can realistically make a well informed decision. There are plenty of other
constraints in PCI device assignment that libvirt is already checking and
enforcing that we don't allow bypass of too. 

> > Thus I don't see why we should introduce a special "permissive" flag 
> > solely for the non-ACS edge case, while at the smae time not allowing 
> > the same permissiveness for the far more common non-IOMMU case. NB, I'm 
> > not suggesting we allow skipping of the checks for the non-IOMMU case 
> > either.
> > 
> > Keeping a whitelist of devices up2date wrt new hardware launches is no
> > more troublesome than the existing problem of updating the PCI-IDs databse
> > or actually providing updated kernel releases with new drivers.
> > 
> > If we use the permissive attribute, then every admin with a device that
> > is known to be safe has the pain of setting the permissive attribute,
> > every time, on every machine with this hardware. If we have a whitelist,
> > then 99% of the time everything will just work because it will already
> > be known to the whitelist. If the whitelist were an external datafile
> > the admin could even extend it in the rare occasion when a new device 
> > were not known. This is a choice of make everyone solve over & over
> > again themselves, or solve it once for everybody.
> > 
> > I don't really like the idea of a whitelist, but I like it more than just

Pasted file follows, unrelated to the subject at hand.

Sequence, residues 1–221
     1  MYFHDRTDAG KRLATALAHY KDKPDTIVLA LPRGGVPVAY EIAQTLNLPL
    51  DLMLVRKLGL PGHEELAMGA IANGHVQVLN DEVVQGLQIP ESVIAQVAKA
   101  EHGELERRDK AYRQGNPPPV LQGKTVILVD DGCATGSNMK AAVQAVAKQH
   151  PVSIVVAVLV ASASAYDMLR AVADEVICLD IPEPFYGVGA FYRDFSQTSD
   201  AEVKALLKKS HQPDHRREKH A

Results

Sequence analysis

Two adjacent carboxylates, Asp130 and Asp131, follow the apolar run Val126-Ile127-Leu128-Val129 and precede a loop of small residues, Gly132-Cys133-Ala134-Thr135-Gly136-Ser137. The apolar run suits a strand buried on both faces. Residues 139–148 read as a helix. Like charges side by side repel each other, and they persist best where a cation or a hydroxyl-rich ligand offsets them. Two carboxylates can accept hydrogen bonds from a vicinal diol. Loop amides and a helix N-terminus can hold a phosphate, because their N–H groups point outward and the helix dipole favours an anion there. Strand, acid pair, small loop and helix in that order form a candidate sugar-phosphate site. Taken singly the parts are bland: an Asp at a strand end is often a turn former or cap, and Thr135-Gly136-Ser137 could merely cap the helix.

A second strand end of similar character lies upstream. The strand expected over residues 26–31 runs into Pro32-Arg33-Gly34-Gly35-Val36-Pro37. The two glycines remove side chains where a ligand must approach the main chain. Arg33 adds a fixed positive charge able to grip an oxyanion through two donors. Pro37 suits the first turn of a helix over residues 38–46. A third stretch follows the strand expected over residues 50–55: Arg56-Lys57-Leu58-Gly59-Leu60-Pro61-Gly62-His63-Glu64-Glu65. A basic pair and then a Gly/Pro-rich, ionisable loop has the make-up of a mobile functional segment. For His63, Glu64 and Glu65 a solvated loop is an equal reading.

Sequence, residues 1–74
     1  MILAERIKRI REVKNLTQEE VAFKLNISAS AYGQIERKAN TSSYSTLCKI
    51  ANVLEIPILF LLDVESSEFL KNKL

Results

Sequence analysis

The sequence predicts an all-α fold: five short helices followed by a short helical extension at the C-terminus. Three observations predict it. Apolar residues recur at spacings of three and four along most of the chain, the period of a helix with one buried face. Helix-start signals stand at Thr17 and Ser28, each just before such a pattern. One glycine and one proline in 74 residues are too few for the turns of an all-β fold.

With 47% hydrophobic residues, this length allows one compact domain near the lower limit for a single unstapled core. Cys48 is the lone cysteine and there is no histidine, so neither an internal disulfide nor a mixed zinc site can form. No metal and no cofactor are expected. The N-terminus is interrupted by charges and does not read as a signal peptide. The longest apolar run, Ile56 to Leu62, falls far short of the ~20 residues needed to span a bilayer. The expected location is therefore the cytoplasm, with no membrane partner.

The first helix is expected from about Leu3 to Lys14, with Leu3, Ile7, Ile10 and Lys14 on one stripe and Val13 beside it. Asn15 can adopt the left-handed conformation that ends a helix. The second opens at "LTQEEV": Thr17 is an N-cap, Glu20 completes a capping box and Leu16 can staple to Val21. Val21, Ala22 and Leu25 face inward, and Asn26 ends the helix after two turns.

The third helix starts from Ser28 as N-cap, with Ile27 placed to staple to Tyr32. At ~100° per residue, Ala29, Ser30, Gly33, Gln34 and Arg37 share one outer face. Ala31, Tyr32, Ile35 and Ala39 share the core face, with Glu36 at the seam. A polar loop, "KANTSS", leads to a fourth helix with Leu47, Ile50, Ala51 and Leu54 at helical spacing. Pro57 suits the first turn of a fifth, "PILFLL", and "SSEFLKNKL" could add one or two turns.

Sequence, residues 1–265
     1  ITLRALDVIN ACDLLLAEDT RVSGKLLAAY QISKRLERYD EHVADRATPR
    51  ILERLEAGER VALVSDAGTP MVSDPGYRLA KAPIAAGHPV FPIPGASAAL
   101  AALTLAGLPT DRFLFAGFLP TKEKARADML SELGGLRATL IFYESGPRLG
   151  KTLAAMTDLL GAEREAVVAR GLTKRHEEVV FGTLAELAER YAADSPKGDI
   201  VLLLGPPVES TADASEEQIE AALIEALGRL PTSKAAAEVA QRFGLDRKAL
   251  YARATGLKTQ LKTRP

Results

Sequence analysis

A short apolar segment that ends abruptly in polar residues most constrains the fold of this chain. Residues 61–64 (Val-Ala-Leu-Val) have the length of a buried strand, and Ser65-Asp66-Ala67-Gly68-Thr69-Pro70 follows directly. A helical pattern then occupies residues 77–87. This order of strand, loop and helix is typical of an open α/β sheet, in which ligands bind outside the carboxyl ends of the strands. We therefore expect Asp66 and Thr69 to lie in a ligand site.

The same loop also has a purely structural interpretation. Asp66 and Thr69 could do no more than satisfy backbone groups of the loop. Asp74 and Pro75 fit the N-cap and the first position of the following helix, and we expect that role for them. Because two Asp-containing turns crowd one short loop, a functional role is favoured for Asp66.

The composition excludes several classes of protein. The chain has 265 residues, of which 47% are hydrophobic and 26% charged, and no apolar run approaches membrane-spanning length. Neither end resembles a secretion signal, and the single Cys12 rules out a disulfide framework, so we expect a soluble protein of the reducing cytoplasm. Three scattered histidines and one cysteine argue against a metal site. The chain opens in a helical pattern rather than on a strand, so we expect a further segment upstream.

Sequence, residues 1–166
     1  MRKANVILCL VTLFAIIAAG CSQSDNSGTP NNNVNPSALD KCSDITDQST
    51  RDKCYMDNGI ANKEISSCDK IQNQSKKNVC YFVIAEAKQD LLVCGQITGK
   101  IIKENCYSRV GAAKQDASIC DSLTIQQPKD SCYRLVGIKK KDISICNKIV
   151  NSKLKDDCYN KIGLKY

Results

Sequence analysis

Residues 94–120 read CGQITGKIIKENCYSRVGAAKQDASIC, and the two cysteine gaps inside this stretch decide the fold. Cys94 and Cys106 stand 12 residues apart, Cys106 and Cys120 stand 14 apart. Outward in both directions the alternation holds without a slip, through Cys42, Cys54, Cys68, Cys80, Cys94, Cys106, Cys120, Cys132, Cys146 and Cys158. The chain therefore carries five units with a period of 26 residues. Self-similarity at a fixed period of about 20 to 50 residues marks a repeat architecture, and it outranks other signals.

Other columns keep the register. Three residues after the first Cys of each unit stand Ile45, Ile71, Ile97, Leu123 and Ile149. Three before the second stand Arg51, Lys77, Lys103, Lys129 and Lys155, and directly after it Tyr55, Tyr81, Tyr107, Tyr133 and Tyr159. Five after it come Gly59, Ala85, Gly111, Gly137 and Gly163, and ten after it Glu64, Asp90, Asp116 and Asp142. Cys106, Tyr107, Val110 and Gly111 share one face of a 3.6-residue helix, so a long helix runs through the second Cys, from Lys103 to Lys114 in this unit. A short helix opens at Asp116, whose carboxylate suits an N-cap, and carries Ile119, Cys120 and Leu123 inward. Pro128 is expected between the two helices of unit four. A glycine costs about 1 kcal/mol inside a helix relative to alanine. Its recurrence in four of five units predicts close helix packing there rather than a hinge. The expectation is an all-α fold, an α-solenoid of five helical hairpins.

> > pushing the problem onto admins via per guest flags. For that matter I
> > don't like the host level flag we have either and would rather we removed
> > it. If only there's a 3rd way that were neither flags or whitelists ...
> The problem that I tried (and failed) to explain in the commit message is
> that even with a whitelist, it is not sufficient.  The problem is that
> with multi-function PCI devices, software cannot tell whether it is possible
> to do P2P traffic.  In the case that a manufacturer tells us "no, our device
> doesn't allow P2P traffic", then great, we can add it to the whitelist.  But
> if a manufacturer can't or won't tell us that, then we have to assume it can
> do P2P traffic, and block it.  But these multi-function PCI devices are
> *exactly* the devices we want to passthrough to guests (all multi-port NICs we
> have tested are multi-function).  So even with the whitelist, you still have
> to leave a way for the admin to override the check.

This is all coming down to 'its hard, lets just have the user decide'
which is not a satisfactory strategy here. New multi-function devices
will have drivers written & submitted and if they want them used it is
not unreasonable to expect the company providing drivers to indicate
whether the devices allows P2P traffic or now. Or for enterprise OS
vendors to determine this, when deciding whether to support the hardware
in their distro. I accept it can't be discovered from hardware inquiry,
but that doesn't stop this being indicated in other ways, kernel drivers
exposing flags, or maintaining a whitelist of PCI IDs. If an admin
desperately needs to override this, a whitelist still allows them to
add a further PCI ID in a single place, rather than changing *every*
guest XML that uses the device. This is fundamentally something that
needs to be tracked against the device's PCI ID, and not the guest config.